Haith said his team’s late collapse was not necessarily a product of youth and inexperience in big games.

Tulsa's Pat Birt gets off a shot against Cincinnati on Wednesday night at TU's Reynolds Center. Cincinnati won 57-55.

Tulsa’s Pat Birt gets off a shot against Cincinnati on Wednesday night at TU’s Reynolds Center. Cincinnati won 57-55. (PHOTO: David Crenshaw/TU media relations)

“They (Cincinnati) are an older group,” he said. “We didn’t make plays we needed to make. I’m not gonna make excuses and put it on our youthfulness.

“We’ve had some good wins with late execution by a young team. We have.”

It was a game effort by Tulsa, which dropped to 12-9 overall and 6-3 in American Athletic Conference play. But leading the league’s best team (Cincinnati is 20-2 overall and 9-0 in The American) by 11 with six minutes left and then letting it slip away is the opposite of a moral victory.

It’s especially bitter for a team that hosts second-place SMU (19-4, 9-1) on Saturday. Haith has to ensure now that his guys don’t lose twice to the same team in one week.

“That’s gonna be our job here coming in the next couple days,” Haith said.

Beating Cincinnati would have been a pretty pelt for Tulsa to hang on its postseason wall — a great RPI win.

“No way I’m looking at it like that,” Haith said. “We’ve got SMU in here on Saturday, and that’s what I’m focusing on.”


Columnist John E. Hoover is co-host of “Further Review with Hoover & Rew” and can be heard on The Franchise Tulsa from noon to 3 p.m. every weekday with co-host Lauren Rew and most mornings on The Franchise in Oklahoma City. Listen on fm107.9, am1270 on the 107.7 Franchise app, or click the “Listen” tab on The Franchise home page.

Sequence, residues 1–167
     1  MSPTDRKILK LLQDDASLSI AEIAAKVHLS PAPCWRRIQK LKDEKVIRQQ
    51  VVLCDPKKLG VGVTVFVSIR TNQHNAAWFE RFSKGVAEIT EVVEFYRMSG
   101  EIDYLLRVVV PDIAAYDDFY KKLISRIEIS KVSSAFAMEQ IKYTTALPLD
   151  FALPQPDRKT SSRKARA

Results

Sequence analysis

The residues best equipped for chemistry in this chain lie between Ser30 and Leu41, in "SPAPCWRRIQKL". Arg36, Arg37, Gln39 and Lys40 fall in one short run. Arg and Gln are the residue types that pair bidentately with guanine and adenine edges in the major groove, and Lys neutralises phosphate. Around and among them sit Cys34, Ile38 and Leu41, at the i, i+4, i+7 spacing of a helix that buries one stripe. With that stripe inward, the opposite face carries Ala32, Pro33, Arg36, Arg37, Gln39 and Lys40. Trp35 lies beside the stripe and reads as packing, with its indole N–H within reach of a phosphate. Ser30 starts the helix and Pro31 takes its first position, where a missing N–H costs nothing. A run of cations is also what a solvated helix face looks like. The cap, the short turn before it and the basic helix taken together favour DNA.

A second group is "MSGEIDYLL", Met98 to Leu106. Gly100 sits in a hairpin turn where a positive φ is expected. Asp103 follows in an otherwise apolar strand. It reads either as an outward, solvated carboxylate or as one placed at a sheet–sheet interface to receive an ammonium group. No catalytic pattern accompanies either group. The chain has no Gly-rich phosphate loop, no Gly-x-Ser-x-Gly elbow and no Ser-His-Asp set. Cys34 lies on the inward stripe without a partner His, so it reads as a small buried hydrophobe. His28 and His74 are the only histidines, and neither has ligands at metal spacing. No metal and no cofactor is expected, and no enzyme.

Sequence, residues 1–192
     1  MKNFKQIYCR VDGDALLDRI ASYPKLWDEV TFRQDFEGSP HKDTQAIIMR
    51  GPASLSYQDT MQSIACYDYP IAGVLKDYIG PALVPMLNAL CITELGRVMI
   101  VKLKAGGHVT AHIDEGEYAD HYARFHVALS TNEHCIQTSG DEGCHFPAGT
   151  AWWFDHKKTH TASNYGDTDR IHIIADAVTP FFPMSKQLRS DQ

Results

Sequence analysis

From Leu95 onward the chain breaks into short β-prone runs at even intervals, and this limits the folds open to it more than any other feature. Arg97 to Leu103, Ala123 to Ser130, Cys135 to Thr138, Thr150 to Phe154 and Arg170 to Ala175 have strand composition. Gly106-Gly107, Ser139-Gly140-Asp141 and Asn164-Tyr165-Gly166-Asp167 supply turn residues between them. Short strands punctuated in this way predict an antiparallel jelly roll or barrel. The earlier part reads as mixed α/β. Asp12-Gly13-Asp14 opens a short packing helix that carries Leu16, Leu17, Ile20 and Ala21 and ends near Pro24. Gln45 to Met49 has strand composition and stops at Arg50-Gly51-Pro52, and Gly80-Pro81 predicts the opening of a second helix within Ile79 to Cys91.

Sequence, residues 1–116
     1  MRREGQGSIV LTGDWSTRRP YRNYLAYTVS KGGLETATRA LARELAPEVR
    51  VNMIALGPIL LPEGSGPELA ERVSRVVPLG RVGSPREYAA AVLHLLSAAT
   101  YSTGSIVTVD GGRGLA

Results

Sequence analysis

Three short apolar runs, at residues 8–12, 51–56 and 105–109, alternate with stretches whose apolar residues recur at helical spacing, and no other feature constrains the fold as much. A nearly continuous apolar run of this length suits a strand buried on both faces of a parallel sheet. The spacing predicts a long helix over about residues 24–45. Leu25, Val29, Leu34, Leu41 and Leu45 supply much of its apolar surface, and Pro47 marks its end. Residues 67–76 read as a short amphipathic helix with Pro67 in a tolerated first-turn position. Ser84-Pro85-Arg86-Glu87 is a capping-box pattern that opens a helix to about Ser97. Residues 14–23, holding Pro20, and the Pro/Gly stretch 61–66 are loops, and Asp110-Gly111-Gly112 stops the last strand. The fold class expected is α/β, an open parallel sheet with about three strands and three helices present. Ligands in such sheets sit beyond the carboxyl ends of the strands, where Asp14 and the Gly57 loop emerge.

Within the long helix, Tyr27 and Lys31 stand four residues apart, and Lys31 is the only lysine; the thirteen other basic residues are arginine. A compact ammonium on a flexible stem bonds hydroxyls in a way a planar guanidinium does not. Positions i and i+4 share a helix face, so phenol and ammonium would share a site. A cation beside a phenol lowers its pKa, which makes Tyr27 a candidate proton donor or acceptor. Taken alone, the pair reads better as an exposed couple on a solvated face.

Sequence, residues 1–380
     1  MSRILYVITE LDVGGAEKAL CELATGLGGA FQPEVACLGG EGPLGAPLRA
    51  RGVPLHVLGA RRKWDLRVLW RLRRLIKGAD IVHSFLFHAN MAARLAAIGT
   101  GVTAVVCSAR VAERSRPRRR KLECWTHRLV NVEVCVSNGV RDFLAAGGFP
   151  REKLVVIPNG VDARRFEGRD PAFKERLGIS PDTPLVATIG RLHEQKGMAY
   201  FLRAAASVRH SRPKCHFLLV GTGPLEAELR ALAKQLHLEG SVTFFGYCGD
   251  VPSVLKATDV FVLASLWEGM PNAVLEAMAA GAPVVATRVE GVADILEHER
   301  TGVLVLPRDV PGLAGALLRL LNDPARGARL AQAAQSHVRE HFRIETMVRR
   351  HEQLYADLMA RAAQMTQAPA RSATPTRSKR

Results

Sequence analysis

Columns

Hoover wrote for the Tulsa World for 24 years before joining The Franchise, where he's now co-host of "Further Review" on The Franchise Tulsa (weekdays 12-3, fm107.9/am1270) . In his time at the World, Hoover won numerous writing and reporting awards, including in 2011 National Beat Writer of the Year from the Associated Press Sports Editors for his work covering the Oklahoma Sooners. Hoover also covered Oklahoma State, Arkansas, Oral Roberts and the NFL as a beat writer. From 2012 to 2016, Hoover was the World's lead sports columnist. As a columnist, Hoover won national awards in 2012 and 2014 from the National Athletic Trainers Association for reporting on sports medicine and in 2015 won first place in sports columns from the Oklahoma Society of Professional Journalists. After receiving a journalism degree from East Central University, Hoover worked at newspapers in Ada, Okmulgee, Tahlequah and Waynesville, Mo. He played football at Ada High School and grew up in North Pole, Alaska. Hoover and his family live in Broken Arrow.

More in Columns

John E. Hoover: David Boren’s words on conference realignment don’t exactly assuage Big 12 fans’ fears

John E. HooverMay 15, 2017

John E. Hoover: Rewarding Lincoln Riley is a wise look to the future for Sooners

John E. HooverMay 11, 2017

John E. Hoover: Finally, college football recruiting, redshirt rules get a meaningful makeover

John E. HooverMay 10, 2017

John E. Hoover: NFL Draft, recruiting stars reveal what has long ailed the Big 12: a lack of elite talent

John E. HooverMay 2, 2017

John E. Hoover: After drafting Joe Mixon, Bengals unconcerned about bad publicity

John E. HooverApril 29, 2017

The Franchise